THE FUND IS NOW A REALITY
The big news of this month in motor-racing is undoubtedly the launching of the British Motor Racing Fund. Backed by a strong list of distinguished names, a fine advisory committee and four respected trustees, it deserves the immediate and whole-hearted support of everyone who takes the slightest interest in the sport.
When one considers the vast stuns of money asked for and obtained on behalf of other causes, the £8,000 appealed for by the British Motor Racing Fund does seem a mere bagatelle. Whether this view is based on a just assessment of the enthusiasm for motorracing in this country—strictly limited as that undoubtedly is—or whether it is likely to be utterly confounded by a lack of response, only time can tell. The attendance of 61,000 at the Donington Grand Prix last year is tempting but misleading as a guide to the number of real enthusiasts who are likely to contribute to the Fund. It is almost impossible to gauge how many of that concourse of people take a regular interest in motor-racing, and how many simply
regarded it as a unique spectacle which they did not want to miss. After all, everyone who goes to the Air Pageant (or rather who went) is not necessarily keen on flying.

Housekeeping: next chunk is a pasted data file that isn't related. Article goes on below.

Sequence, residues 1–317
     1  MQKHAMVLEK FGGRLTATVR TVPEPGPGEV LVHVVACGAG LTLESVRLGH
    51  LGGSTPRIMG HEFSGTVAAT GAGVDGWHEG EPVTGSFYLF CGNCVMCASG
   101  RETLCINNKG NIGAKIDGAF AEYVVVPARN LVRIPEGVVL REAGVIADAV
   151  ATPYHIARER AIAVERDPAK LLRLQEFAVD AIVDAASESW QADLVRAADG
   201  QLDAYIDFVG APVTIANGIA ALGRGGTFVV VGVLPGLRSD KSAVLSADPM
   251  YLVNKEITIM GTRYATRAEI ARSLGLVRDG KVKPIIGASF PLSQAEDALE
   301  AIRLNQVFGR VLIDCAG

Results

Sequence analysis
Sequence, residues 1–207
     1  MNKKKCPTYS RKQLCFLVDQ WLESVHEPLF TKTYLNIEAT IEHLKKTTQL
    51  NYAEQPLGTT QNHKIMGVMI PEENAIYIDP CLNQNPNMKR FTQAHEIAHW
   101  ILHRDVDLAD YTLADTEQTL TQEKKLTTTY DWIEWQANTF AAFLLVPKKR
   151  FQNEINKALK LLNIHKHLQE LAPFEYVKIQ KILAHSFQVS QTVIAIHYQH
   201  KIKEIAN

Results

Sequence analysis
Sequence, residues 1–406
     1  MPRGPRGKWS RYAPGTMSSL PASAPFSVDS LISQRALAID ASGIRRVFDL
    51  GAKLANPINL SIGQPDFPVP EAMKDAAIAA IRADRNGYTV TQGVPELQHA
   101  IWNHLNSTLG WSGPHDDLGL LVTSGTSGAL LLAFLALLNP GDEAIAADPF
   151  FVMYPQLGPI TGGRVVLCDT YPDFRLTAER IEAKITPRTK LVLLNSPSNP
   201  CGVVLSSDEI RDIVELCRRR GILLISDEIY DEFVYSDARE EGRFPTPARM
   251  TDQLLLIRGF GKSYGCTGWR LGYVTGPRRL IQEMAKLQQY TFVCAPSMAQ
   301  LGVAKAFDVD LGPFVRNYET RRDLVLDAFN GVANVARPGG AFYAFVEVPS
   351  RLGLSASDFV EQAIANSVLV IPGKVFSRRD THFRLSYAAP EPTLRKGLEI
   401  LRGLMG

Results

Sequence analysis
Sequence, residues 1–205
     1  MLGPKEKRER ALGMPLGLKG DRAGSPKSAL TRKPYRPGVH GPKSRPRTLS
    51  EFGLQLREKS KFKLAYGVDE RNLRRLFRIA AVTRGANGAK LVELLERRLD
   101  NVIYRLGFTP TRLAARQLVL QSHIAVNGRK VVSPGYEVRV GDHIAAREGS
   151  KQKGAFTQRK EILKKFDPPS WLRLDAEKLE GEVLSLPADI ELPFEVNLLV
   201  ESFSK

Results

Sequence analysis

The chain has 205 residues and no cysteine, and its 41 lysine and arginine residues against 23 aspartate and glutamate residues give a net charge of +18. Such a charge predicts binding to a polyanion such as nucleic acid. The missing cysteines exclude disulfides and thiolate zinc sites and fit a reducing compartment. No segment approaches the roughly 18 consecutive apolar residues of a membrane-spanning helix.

On the other hand, the fact that nearly forty motor clubs have agreed to bring the Fund to the notice of their members is distinctly encouraging, and should go a long way towards bringing up the subscriptions to the required total. There has been some dissatisfaction among many enthusiasts that the Fund should be limited to supporting the to the exclusion of other marques. To them it is worth pointing out that the leaflet describing the Fund mentions that it is designed
“to assist British Motor Racing and, in particular, E.R.A.” Without wishing to anticipate in any way the possible decisions of the Trustees, we see no reason why other firms should not benefit from the Fund if and when it surpasses in extent the ,.8,000 required to maintain the E.R.A. team. If this should be so— and, we repeat it is purely supposition on our part, and cannot be taken as an indication of what the Trustees may decide—the thing to do is for everyone to give as much in excess of the minimum as he possibly can.
In fact, we believe we are right in saying that the 0,000 asked for should not be regarded as the limit. The more money available, the stronger the team will be—at any rate up to a certain point. After that point has been reached, it may well be that funds will be available for other firms who have been courageous enough to build racing-cars. Now that the British Motor Racing Fund has actually taken shape, our previous efforts to obtain some indication of the possible support for such a fund must
necessarily fall into abeyance. Without giving precise details, we can safely say that the response to our appeal has been sufficiently encouraging to warrant our having the greatest confidence in the ultimate success of the British Motor Racing Fund.
All that remains now is to thank the hundreds of readers who have responded to our own appeal, and to add our plea to that of the organisers of the Fund for action. And, may we add, let your action be immediate and generous, for on it may depend the representation of Britain in Grand Prix racing—should the possibility of the 1,500 c.c. limit being used become an actuality.